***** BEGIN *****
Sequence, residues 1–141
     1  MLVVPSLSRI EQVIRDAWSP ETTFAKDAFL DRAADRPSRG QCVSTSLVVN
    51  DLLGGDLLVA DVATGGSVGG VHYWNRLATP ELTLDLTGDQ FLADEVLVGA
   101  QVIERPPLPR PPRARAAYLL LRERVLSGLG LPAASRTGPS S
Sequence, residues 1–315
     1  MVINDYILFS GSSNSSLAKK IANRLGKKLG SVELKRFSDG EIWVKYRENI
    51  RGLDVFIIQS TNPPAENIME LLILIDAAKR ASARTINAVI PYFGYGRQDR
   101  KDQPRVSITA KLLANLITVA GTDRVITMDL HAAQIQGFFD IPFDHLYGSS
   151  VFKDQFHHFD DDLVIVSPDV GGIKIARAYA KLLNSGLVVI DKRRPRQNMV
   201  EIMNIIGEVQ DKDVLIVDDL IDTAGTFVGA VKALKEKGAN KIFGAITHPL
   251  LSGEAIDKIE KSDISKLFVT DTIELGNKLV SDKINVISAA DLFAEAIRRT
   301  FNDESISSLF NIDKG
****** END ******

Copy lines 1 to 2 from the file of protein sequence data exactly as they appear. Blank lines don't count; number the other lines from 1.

Sequence, residues 1–141
     1  MLVVPSLSRI EQVIRDAWSP ETTFAKDAFL DRAADRPSRG QCVSTSLVVN